Marcus Kneen, IndigoVision’s CEO, said: “By applying our expert knowledge to your existing system, CyberVigilant provides a tailored solution to monitor your system and protect you from hackers.”
A leading developer of end-to-end video security solutions, IndigoVision’s presence at IFSEC failed to go unnoticed, drawing notable interest from crowds of spectators and industry experts. Few would argue that the company’s SMART.guard technology is not IndigoVision’s crowning achievement; boasting five layers of security, which includes cybersecurity, digital watermarking, NVR failover, RAID resilience and fault monitoring, the brand’s 3Gbps NVRs are hard to beat.
The trialing and testing of promising security innovations is both an exciting and successful feature of IFSEC International, and one that gives visitors a heightened sense of understanding around key security developments. To-date, the expo amounts to being the only large-scale security event taking place in Europe, as well as being the centre of the entire buying chain.
From live demonstrations of perimeter solutions, to analysing what the latest surveillance cameras can detect and record, embracing the rapidly changing security climate is key to success in the security field – a fact that IFSEC organisers have been quick to notice. One of their major highlights at the event was the “Drone Zone” – a patch committed to allowing spectators a unique look at the imaginative variations of drone now on the market.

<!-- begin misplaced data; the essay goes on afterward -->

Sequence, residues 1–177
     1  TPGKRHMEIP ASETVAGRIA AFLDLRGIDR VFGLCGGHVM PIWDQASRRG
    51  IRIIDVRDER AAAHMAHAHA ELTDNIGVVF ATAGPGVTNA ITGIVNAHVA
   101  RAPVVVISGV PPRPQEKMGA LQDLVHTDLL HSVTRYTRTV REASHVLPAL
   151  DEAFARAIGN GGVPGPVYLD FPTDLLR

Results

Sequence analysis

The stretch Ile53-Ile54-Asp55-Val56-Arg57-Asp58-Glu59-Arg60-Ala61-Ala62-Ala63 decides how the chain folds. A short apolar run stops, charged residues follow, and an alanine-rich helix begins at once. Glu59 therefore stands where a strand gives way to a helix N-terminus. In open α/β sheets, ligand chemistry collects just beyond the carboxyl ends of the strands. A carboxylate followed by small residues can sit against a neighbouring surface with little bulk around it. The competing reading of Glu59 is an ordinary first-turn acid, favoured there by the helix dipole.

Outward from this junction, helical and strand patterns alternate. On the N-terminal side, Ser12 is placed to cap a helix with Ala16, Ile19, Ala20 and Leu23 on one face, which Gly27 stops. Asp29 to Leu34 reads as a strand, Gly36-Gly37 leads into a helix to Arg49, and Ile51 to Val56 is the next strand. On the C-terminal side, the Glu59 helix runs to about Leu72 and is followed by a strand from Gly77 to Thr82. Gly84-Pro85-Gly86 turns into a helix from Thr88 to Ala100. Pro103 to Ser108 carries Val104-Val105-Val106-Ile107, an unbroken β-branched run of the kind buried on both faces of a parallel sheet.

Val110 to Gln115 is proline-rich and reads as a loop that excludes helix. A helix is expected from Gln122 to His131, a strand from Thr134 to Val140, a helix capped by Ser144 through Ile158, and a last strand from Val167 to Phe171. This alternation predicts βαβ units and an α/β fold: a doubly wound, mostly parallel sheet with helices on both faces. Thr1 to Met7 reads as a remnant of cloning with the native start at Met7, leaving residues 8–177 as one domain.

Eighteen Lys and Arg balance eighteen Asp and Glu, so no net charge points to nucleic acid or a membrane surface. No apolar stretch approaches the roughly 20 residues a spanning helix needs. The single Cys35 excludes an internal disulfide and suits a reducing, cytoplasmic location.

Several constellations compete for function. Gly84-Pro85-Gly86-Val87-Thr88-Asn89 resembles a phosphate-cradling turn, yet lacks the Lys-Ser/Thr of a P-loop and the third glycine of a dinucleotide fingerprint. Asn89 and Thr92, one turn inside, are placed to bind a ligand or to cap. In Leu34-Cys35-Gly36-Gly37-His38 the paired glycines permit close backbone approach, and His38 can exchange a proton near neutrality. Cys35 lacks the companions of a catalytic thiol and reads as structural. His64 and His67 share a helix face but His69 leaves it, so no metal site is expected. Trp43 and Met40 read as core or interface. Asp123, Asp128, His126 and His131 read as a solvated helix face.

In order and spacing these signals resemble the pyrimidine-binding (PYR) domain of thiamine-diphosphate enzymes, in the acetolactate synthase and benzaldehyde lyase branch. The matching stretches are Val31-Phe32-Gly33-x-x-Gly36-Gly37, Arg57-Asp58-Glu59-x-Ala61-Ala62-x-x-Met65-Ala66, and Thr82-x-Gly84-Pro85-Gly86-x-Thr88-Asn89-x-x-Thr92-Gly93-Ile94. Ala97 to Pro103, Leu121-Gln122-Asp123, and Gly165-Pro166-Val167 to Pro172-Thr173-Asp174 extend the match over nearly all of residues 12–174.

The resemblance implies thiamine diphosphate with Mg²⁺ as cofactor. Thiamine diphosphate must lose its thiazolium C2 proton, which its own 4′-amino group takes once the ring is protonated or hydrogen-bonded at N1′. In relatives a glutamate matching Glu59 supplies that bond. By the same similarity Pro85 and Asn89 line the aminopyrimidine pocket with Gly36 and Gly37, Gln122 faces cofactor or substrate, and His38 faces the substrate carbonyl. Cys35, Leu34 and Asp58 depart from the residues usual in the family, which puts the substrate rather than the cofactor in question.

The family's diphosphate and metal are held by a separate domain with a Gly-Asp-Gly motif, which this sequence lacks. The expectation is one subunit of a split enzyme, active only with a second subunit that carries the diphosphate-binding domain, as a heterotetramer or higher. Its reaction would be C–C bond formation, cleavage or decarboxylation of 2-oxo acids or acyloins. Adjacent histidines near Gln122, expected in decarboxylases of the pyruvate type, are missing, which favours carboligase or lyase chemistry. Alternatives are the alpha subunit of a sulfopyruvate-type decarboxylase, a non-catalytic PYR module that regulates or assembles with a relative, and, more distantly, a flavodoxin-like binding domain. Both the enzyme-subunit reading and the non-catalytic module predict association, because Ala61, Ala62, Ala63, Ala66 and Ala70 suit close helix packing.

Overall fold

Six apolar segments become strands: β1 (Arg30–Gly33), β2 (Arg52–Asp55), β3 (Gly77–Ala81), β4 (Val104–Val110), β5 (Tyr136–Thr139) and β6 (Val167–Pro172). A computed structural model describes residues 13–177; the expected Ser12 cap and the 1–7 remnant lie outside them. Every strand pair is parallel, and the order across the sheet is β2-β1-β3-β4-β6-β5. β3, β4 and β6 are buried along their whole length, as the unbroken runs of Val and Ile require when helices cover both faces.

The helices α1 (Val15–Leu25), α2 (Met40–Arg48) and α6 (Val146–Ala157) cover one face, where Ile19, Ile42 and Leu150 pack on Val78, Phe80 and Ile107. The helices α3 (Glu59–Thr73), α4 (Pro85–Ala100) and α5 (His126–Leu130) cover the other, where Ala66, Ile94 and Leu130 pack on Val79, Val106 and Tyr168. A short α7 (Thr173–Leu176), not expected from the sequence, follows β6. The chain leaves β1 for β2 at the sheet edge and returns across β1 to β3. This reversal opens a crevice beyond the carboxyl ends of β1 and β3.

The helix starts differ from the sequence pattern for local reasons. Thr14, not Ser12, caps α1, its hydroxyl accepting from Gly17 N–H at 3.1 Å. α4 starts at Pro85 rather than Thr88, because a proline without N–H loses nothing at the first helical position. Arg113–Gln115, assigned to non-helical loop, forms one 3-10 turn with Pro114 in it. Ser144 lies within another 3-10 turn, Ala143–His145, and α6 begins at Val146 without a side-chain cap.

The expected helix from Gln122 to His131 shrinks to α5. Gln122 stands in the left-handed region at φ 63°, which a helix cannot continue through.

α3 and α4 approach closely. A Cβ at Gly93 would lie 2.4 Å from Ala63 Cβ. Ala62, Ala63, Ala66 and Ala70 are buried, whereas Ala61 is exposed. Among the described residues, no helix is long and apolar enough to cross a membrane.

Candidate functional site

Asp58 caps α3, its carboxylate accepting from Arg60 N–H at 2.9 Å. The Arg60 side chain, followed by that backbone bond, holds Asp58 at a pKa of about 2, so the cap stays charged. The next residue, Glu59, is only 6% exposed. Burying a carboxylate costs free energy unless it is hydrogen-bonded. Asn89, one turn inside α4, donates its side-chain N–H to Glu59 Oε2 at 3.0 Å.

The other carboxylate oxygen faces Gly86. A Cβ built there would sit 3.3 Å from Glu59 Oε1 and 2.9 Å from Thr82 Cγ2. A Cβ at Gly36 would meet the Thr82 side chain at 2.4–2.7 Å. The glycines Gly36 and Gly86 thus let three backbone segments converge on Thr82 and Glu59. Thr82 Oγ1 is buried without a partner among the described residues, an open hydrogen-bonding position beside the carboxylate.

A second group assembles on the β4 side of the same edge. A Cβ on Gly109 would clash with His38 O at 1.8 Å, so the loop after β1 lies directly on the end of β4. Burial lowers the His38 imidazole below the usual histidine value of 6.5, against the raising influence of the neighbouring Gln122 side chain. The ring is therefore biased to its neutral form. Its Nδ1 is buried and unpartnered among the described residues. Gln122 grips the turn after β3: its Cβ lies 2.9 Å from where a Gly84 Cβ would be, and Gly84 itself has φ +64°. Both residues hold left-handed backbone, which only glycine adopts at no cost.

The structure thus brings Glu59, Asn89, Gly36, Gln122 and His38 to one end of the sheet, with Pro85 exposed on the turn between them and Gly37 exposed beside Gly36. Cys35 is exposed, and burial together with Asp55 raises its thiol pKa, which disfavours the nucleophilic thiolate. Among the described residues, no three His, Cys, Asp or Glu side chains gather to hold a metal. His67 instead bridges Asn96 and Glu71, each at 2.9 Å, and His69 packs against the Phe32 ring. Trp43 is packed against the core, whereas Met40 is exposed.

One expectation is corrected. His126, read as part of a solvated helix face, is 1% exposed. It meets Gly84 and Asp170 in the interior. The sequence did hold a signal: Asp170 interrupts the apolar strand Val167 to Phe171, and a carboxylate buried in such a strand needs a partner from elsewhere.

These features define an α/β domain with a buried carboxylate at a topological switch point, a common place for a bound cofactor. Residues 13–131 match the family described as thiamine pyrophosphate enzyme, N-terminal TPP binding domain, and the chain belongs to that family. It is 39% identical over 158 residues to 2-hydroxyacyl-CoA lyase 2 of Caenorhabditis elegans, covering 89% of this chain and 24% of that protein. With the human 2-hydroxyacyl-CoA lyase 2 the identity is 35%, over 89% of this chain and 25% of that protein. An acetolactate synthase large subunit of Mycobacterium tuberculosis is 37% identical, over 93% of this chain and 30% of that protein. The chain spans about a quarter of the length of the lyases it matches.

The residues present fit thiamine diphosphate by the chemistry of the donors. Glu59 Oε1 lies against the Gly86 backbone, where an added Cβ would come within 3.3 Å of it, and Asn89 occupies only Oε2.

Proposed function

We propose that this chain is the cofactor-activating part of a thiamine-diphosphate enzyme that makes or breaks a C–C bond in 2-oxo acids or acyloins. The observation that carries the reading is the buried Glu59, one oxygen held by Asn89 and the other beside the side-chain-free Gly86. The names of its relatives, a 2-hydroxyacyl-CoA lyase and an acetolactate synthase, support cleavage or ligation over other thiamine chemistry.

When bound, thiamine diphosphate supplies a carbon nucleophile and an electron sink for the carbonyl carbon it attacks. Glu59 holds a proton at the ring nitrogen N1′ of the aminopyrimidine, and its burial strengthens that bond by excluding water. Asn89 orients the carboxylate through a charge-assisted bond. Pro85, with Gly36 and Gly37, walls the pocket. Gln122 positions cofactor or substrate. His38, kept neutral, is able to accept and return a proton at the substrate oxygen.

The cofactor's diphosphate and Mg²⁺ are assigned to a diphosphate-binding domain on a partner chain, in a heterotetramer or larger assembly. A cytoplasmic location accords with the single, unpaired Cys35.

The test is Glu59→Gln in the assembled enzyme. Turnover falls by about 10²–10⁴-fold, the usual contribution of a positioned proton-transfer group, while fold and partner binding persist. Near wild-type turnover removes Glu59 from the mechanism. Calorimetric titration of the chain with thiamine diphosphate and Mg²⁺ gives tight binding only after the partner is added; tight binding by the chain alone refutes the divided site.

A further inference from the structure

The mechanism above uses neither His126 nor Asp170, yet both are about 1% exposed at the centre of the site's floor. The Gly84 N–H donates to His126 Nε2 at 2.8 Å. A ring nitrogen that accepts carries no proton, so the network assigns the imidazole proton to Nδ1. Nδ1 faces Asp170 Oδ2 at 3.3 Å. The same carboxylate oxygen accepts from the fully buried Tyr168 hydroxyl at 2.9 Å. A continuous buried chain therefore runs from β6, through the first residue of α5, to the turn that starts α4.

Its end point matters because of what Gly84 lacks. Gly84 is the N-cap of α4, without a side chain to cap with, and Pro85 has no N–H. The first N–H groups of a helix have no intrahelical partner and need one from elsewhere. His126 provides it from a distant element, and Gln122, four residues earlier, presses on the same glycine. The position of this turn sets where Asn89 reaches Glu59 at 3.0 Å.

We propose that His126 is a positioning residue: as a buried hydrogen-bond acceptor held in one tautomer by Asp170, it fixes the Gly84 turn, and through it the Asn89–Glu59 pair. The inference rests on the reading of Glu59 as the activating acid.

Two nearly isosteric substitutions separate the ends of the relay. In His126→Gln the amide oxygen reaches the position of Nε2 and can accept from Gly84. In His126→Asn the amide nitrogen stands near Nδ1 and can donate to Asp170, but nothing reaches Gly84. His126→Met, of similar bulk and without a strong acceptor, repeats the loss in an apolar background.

Seizing on the spirit of fresh opportunity within the sector and the growing demand to meet the needs of tomorrow’s world, this year’s IFSEC was attended by a small number of start-up companies, hoping to make their mark and readily willing to allow visitors and fellow exhibitors the chance to explore their products. Amongst those that impressed me most were the ones whose specialisms surrounded Deep Learning and Artifical Intelligence (AI). Today there are approximately 250 million video surveillance cameras (CCTV) worldwide with one camera to every 11 people within the UK, yet the majority of video surveillance carried out by the police, military, transport operators and security, is still done by humans.